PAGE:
Write a great IT business case

Effective business cases require the logic and persuasiveness of a lawyer. A top-quality business case offers big advantages to everybody involved in the IT due diligence process:

  • For the business case writer, a persuasive well-written business case increases the chances of funding.
  • For the business case reviewer, having all the key information collected in a business case makes IT due diligence and the investment decision easier and quicker.
  • For critical stakeholders, a quality business case increases the probability of success and serves as a plan for turning the forecast ROI model into reality. 

How do you grade your business case and determine that it is the best possible, even great?

A top-quality business case has four critical components: clarity, accuracy, logic, and a sound ROI model.


Clarity means the business case is clearly and concisely presented. This standard applies whether the business case is written in long form (typically, in Microsoft Word) or in short form (typically, in Microsoft PowerPoint).

The key questions to ask on clarity are:

  1. Is information boiled down to encourage clear thinking and crisp communication?
  2. Does the case have an effective summary? Ask:
    • Is there an attention-worthy headline?
    • Is there a focus on what's new?
    • Is the "so what" question handled well?
  3. Are the conclusion and recommended action precise and clear?


When reviewing for accuracy, look for:


  • Will the solution solve the problem?
  • What is the evidence for this claim?
  • Have the stakeholders approved and committed to the expected benefits of the project?
  • Are data sources identified and documented? What is their quality and diversity?
  • Are distinctions between facts, vendor opinions, and judgments by the business case writer clear?

Robust assumptions:

  • Are assumptions articulated precisely?
  • Are load-bearing (critical) assumptions highlighted?
  • What is the source of the assumptions? Was there a business discovery to define them? Are the sources credible?
  • Are the assumptions realistic and expressed as a range?


    Is the case concise and logically argued? Look for logical linkage among:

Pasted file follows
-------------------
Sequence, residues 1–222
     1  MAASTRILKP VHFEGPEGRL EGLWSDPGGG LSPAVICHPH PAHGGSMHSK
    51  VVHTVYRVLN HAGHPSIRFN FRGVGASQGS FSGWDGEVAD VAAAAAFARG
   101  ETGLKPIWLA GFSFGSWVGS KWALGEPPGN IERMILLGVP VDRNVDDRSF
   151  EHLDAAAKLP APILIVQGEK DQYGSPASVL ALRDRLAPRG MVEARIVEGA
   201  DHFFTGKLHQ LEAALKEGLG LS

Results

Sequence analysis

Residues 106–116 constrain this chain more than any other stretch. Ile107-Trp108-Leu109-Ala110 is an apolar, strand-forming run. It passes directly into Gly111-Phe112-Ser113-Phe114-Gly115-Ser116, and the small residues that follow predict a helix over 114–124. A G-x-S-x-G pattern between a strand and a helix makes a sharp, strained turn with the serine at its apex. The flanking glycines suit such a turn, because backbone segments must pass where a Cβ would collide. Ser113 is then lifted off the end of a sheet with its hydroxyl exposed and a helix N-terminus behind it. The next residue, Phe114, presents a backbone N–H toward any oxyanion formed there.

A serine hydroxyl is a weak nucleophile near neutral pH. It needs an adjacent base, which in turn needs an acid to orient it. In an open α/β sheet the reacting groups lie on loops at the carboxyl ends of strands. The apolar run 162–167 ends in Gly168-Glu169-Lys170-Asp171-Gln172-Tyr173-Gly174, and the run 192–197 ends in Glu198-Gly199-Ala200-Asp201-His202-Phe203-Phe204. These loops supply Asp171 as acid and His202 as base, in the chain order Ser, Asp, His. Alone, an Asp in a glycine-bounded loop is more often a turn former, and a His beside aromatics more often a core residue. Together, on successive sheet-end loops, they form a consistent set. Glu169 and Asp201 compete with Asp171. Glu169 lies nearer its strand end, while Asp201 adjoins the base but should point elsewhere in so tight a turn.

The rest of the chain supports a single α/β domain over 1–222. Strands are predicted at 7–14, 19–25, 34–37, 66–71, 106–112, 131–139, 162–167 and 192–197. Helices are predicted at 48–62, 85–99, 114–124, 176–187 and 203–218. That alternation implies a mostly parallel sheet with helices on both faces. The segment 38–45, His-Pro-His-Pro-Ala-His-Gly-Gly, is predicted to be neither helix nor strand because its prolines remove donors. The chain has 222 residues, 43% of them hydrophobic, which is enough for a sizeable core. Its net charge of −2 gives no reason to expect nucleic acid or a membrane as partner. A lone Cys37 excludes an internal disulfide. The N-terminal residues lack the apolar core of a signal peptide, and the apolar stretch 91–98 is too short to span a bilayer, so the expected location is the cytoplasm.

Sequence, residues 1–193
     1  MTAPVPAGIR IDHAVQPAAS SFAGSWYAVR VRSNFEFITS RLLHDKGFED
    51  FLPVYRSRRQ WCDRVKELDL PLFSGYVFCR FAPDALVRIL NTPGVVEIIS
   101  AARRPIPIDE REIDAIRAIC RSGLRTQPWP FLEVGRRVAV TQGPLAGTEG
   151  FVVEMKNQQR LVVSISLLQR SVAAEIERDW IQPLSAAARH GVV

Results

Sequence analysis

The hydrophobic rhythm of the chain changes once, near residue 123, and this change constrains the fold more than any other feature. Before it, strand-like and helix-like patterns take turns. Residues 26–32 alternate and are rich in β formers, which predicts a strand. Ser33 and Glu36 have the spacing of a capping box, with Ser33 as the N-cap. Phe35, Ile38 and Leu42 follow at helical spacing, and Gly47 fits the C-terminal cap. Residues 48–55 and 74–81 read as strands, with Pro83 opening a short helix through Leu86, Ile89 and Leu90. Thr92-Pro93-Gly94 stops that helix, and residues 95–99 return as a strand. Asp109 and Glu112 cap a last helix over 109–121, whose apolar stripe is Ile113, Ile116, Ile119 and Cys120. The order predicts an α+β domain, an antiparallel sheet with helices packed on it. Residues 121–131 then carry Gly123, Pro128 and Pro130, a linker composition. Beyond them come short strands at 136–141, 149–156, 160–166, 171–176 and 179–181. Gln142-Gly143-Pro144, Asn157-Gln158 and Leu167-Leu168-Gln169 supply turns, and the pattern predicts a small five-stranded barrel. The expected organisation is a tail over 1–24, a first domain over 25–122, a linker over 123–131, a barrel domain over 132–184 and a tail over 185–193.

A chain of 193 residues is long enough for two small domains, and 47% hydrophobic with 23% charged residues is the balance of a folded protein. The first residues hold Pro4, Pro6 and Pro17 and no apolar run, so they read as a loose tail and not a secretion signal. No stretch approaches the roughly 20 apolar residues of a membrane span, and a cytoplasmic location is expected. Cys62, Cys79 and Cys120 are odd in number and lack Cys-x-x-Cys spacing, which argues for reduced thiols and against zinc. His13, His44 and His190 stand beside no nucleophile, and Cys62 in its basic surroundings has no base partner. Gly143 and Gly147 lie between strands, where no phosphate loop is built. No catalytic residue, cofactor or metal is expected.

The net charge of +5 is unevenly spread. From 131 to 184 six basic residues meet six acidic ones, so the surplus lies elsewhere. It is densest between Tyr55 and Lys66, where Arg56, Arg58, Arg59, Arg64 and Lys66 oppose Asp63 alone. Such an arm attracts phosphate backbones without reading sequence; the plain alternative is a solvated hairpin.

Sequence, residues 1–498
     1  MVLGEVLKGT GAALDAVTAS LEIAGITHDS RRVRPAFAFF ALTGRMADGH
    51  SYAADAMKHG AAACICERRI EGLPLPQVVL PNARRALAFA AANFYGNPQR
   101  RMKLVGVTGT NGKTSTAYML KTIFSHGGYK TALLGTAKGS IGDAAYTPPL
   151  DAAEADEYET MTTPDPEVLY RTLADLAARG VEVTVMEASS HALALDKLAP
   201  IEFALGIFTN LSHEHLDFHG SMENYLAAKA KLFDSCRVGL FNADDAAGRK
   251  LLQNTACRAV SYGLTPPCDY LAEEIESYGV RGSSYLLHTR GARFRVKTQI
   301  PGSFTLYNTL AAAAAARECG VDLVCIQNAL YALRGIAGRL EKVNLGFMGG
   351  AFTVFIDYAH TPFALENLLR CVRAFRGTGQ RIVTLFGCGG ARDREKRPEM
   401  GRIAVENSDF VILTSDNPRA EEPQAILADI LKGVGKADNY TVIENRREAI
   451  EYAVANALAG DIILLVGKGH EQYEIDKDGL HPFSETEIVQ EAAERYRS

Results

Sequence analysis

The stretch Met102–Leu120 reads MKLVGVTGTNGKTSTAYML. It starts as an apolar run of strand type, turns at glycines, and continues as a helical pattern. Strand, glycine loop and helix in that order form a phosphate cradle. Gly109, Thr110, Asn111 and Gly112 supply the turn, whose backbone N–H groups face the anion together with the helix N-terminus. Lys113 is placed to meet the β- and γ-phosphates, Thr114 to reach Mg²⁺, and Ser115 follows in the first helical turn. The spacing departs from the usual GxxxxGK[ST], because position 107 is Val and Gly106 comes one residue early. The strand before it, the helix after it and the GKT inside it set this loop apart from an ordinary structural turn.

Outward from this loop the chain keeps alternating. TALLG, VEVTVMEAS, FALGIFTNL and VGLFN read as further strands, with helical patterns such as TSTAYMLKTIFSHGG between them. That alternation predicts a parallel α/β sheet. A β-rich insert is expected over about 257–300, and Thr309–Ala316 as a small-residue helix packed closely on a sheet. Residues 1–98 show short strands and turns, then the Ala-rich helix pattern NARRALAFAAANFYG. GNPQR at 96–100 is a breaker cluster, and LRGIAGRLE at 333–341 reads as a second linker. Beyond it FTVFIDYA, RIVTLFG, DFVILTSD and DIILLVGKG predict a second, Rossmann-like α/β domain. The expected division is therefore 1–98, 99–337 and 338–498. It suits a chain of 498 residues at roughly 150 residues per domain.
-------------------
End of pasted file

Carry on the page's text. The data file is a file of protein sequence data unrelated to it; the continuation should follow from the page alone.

• The statement of the problem or need addressed.
    • An explanation of the causes of the problem.
    • A complication: why the current situation is unsustainable.
    • The recommended solution to the problem.
    • The benefits of the recommendation.

    A reliable ROI model

    Discounted cash flows or net present value (NPV) is the correct way to evaluate any investment and calculate ROI. Payback and internal rate of return (IRR) provide useful, supplementary information.

    You are making an economic decision, so, you don't need to forecast financial statements (though this will upset your Big 4 accounting partner) and ignore techniques such as monte carlo simulation. Academically oriented business case courses adore this technique, but it has no practical relevance for most IT due diligence decisions.

    Is the investment recommendation based on a rigorous and objective assessment of net present value (NPV)?

    Check for:

    • Estimates of incremental cash flows from the project.
    • A risk assessment of project cash flows and a determination of the required rate of return (cost of capital).
    • A calculation of the present value of the expected future cash flows.
    • A comparison of the cost of the project to what the project is worth. If the project is worth more than it costs (positive NPV), then, undertake the project.
    • IRR (internal rate of return calculation).

    A payback calculation is useful because it shows how long the principal invested is outstanding (similar to a bond). Check for a payback calcualtion showing where and when the investment produces positive cash flows.

    Finally, the ROI model must be complete, including:

    • All benefits. Primarily quantitative, but also qualitative.
    • Full costs, including upfront, ongoing and direct.

    Business case quality grade

    To ensure consistent IT due diligence and encourage better business cases, consider implementing a formal business case grading process. The Business Case Checklist has a grading framework that provides a compact summary of the overall quality of a business case.  Please see the final summary grade table below.

    Learn more

    Read The Business Case Checklist. If you are a business case writer, it will help ensure you write a top-grade business case and win funding. If you are a business case reviewer, it will help you perform IT due diligence efficiently and effectively.